When the time comes to settle a personal injury suit, litigants should be aware that Medicare may have a potential lien against the settlement proceeds in instances where Medicare has made past, conditional payments for medical expenses. This is due a federal law which deems Medicare to be a so-called “secondary payor” with regard to payments made under workers’ compensation, automobile, or liability insurance policies or plans, or uninsured or underinsured coverage. Congress intended Medicare to be the payment source of last resort for medical care; therefore, if a recipient is entitled to receive compensation for his injuries from a “primary payor,” Medicare will not be responsible for the costs. The “primary payor,” in many personal injury actions, is the defendant’s liability carrier. Medicare will make payments, however, if the primary payor cannot be reasonably expected to pay promptly for the medical care. These payments are called conditional payments. Medicare conditions these payments on its right to receive reimbursement from the primary payor and from anyone who receives payment from them, including a settling plaintiff.
Accordingly, if you are a Medicare beneficiary and are receiving a settlement for a personal injury claim, you should keep in mind that Medicare has a right to recover its medical payments from any primary payor (the party paying the settlement), or anyone that receives payment from a primary payor, including the beneficiary and his attorney. Medicare must be reimbursed within 60 days of receipt of a settlement or interest and penalties will begin to accrue.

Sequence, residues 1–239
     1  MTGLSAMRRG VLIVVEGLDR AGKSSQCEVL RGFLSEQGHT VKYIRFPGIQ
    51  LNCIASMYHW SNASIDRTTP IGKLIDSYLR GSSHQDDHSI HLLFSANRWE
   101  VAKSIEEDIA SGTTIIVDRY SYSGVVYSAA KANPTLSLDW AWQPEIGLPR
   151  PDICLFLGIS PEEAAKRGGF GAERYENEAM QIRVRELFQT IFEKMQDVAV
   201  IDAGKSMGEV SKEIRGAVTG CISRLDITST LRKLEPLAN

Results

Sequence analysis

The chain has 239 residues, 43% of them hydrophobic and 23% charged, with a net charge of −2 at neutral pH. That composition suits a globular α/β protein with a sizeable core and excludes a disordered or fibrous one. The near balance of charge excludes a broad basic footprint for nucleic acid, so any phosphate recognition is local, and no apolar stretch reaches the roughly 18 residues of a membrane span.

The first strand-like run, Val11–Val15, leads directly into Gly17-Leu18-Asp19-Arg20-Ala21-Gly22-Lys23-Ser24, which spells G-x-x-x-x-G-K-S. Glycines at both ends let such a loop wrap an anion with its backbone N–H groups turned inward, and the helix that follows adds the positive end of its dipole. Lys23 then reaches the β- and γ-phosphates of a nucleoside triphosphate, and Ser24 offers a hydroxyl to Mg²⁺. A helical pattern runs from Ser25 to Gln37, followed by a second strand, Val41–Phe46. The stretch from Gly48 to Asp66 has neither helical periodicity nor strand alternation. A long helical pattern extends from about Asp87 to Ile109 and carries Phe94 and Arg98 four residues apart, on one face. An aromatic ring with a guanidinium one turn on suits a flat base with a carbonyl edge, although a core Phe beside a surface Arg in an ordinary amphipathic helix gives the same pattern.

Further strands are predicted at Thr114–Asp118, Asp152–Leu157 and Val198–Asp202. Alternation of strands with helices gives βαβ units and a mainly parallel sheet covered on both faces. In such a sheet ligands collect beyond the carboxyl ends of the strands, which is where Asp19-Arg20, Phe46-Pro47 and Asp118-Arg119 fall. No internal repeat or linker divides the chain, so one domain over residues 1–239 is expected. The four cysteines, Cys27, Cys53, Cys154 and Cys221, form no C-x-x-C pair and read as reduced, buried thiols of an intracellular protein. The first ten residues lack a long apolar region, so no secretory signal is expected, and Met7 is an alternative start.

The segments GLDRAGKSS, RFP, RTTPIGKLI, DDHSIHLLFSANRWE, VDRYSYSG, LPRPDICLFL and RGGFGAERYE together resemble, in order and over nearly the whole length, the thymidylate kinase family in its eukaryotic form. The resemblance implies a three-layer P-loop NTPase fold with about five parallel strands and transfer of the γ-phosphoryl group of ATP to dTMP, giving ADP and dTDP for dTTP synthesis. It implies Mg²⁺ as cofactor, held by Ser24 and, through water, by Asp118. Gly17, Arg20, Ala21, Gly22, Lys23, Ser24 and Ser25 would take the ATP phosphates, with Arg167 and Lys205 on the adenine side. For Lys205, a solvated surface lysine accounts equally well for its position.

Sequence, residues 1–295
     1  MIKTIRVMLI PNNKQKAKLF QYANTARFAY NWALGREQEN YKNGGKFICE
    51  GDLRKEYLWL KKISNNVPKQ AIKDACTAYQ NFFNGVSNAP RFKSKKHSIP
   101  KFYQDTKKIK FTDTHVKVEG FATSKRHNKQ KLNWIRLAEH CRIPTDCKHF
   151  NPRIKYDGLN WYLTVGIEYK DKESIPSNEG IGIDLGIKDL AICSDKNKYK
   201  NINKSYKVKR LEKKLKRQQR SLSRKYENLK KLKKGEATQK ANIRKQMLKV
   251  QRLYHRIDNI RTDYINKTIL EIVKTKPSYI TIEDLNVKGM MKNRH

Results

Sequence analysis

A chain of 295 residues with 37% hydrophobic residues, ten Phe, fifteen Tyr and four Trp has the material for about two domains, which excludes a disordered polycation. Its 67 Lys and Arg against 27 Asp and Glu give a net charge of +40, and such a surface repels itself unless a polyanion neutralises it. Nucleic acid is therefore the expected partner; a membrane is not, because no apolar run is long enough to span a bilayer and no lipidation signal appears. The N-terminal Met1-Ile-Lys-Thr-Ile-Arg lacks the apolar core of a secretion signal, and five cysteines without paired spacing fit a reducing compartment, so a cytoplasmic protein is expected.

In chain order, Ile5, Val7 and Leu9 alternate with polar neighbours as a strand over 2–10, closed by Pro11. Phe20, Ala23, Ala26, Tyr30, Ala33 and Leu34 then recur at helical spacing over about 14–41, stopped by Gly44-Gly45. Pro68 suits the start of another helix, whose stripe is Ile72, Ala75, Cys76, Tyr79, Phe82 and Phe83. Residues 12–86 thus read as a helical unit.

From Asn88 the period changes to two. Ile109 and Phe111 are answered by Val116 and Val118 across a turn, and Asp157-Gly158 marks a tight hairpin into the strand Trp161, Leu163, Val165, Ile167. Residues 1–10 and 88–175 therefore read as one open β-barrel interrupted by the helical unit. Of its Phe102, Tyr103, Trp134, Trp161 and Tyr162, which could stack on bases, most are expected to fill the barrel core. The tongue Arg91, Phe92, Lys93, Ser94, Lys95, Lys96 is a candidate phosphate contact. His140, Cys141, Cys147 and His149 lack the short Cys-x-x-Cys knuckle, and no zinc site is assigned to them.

Another issue to keep in mind is that current Medicare regulations may ask you to set aside a portion of your settlement proceeds for future medical care and expenses. In July of 2001, the Center for Medicare and Medicaid Services (CMS) issued a memorandum which outlined the cases in which such a set-aside arrangement might be necessary; it stated that in any case in which the injured party is receiving Medicare at the time of the settlement, adequate provision must be taken to protect Medicare’s past and future benefits for medical care. Additionally, if a case is settled for more than $250,000 and the claimant is not a Medicare beneficiary but can “reasonably expect” to become entitled to Medicare within the next 30 months, a Medicare set-aside will be required with specific approval by CMS of the amount allocated. A “reasonable expectation” means that you, as the settling party, have at least applied for SSDI benefits or have reached 62.5 years of age.
In short, if you are Medicare eligible and settling a personal injury suit where a portion of your damages have been recovered as compensation for past and future medical expenses, Medicare should be notified and a set-aside allocation should be considered. A failure to consider Medicare’s interests could result in being cut off from Medicare for all future medical treatment due to claim related injuries, or being hailed into Court as the subject of a suit for double damages brought by the government on Medicare’s behalf.